Friday, October 19, 2007


Jayr have been adding more and more excellent media as well as overhauled the media repository layout. He's been moving source files into an "art" directory, so that the "3d_objects" and "3d_skeletons" directories only contains exported formats. This is great since it means that client developers that only want to get access to the used media, without being burdened with having to download a lot of high res source media only need to check out the two latter directories.

With the new media in Ember it becomes more and more apparent that I really need to spruce up the terrain rendering code. As can be seen in this screenshot the terrain really looks awful in the distance when the LOD kicks in.
This is because it's using vertex shading, where the lightning is set by interpolating the normals of the surrounding vertices. As the number of vertices change with the LOD the lightning becomes messed up. All from the beginning the idea has been that this is a purely temporal solution and it should be replaced with a more robust lightning solution. I've just never had time to implement a better model and thus it's been this way for some time. But with jayr's great looking media it becomes more and more jarring.
I've thus started looking into how to better this. There are a couple of different techniques that can be used, with shaders, normal maps and all. Currently I'm experimenting with just creating a one channel shadow texture from the terrain normals I can get from Mercator (compared to the direction of the sun). This won't take into account occlusion though since no ray checking is done, but hopefully it would look good enough (it would actually look pretty much like normal vertex lightning). We want to update the shadow dynamically as the sun moves over the sky, so we can't use too computing intensive techniques.
With some upscaling and perhaps some gaussian blur I think the result will be good enough.

Another pet peeve of mine that's been bugging me for some time was a bug with the foliage code where it didn't take into account "negative" ares, such as the path and the sty, where there should be no foliage. The result was that foliage was added everywhere, even in places where there should be no grass growing. I've been trying to fix it for a while but couldn't find what was wrong. I finally tracked down the problem to a en error in what lookup container for terrain surfaces was used. So now we finally have clear paths! This together with the work I'm doing on nicer terrain shadows should allow for some much nicer visuals in the near future.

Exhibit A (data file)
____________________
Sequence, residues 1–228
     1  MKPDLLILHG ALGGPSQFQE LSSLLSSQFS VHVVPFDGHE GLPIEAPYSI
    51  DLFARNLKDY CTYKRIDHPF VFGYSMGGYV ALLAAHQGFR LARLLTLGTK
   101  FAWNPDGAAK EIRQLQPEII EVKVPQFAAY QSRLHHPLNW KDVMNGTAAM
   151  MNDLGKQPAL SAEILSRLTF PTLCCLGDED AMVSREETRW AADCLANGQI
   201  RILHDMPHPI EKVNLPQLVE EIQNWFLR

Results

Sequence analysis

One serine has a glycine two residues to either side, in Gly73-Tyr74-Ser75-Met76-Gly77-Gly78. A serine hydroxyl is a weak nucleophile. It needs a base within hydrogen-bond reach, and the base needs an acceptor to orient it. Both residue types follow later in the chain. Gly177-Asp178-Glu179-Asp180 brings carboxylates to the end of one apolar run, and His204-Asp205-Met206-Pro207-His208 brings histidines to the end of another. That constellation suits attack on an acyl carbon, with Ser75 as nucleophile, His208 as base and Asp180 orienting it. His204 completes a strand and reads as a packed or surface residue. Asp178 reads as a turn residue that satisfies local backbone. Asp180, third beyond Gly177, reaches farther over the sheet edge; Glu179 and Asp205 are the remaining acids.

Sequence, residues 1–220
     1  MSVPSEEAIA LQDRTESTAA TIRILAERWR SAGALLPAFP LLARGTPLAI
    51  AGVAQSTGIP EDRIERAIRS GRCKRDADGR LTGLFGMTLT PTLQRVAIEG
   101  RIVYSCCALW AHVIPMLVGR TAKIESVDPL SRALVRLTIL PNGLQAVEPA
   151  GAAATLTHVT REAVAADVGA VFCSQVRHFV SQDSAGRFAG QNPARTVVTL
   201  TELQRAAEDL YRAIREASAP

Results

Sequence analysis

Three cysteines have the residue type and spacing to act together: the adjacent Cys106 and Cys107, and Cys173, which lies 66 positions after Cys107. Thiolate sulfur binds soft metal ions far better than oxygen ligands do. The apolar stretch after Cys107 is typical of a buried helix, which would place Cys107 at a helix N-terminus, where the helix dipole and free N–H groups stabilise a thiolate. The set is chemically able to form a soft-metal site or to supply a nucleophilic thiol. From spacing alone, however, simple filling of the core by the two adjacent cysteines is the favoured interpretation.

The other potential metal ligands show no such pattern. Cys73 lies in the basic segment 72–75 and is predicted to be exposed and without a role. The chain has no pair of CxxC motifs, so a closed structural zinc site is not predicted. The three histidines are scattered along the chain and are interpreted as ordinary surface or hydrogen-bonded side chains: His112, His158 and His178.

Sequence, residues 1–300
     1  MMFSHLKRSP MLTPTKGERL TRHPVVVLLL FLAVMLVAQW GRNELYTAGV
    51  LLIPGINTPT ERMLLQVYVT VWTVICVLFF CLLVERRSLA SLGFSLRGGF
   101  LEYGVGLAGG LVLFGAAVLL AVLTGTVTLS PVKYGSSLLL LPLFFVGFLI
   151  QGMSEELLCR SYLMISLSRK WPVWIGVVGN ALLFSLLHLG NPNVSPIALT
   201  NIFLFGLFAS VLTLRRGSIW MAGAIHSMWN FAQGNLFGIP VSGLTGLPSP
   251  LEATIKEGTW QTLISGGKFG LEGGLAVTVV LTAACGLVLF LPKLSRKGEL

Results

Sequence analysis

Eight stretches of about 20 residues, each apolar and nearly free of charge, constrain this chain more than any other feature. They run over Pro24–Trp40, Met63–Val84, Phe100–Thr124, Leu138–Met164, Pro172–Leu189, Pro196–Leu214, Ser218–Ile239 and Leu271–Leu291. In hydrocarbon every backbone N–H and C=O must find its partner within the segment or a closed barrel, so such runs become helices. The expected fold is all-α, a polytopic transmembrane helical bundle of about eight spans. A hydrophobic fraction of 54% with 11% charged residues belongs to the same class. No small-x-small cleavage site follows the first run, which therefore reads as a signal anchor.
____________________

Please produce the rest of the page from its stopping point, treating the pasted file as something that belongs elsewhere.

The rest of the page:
Wednesday, October 17, 2007


The last couple of weeks Jayr have been providing really great new textures. The biggest improvement is that he's created both diffuse, normal and specular versions. This together with a some nice shaders allows us to get some really nice visuals in Ember. There's already other media in Ember that uses normal mapping, such as the trees, but we now have a much wider variety of textures, as well as a better naming system. This together with improvements to Ogre's material framework, chief amongst them inheritance, allows us to much easier implement and handle the normal mapping.
Here are some example screenshots:

These show the new fern model (the colour is a bit off against the ground, that will be adjusted) as well as the new normal mapped texture for the tinderbox.

Getting the fern out in the world highlights the problem with the ugly lightning on the terrain. The problem is that I'm currently using vertex lightning. This has some disadvantages in that it won't work with the level of detail system, since far away terrain have fewer vertices, thus screwing up the lightning. There also seems to be a problem with the normals, such as terrain that shouldn't be in shadow is in shadow and so on. All and all it's not a good way of doing terrain lighting. The reason however that I haven't switched to a better model (such as baked texture lightmaps) is that I first need to refactor the terrain generation framework. The current framework works, but it's hard to do things like add different materials depending on whether you have shader support or not. We need a better framework. I've created a blueprint for this. Once this is done we can start working on some much better terrain. I'm pondering whether to actually put this on top of my things to do, since getting a nicer terrain will make the visuals tremendously better (since the major part of the screen is covered in terrain).

You will also see the new status widget in the upper right. He's actually also provided normal maps, though I'm not sure how to use them yet. :)